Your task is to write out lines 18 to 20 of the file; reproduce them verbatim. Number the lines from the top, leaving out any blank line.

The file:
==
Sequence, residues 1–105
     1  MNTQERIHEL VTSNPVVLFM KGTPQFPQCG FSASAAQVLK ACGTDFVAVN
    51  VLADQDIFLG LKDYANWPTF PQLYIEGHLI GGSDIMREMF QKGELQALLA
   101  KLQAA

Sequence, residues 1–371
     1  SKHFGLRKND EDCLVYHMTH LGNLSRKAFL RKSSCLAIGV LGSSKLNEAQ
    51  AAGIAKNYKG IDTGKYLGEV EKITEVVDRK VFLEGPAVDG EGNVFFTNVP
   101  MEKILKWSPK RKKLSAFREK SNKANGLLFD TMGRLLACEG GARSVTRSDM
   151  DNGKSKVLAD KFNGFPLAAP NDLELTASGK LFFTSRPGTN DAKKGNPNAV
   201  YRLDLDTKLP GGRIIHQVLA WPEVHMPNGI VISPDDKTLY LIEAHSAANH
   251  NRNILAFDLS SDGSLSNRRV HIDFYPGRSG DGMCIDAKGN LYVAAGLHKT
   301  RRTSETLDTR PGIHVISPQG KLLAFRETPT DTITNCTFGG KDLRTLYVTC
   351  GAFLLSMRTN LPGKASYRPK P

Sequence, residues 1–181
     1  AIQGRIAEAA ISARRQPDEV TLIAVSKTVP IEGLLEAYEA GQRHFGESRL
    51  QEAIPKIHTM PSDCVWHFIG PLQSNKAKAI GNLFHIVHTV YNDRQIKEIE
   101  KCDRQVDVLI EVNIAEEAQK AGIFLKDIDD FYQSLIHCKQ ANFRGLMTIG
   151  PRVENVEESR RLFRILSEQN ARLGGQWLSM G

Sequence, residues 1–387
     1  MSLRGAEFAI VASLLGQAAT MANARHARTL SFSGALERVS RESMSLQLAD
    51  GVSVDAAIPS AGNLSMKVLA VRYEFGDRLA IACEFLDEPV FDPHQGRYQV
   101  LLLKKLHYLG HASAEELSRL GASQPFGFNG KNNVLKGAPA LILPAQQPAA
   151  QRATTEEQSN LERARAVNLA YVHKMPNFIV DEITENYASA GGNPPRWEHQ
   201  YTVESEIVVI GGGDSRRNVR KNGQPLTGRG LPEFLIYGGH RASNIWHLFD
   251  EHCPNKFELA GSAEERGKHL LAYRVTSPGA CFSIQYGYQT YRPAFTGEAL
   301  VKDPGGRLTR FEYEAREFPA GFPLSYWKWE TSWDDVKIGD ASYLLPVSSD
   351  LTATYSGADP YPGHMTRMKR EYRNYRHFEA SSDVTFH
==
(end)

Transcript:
   151  PRVENVEESR RLFRILSEQN ARLGGQWLSM G

Sequence, residues 1–387
     1  MSLRGAEFAI VASLLGQAAT MANARHARTL SFSGALERVS RESMSLQLAD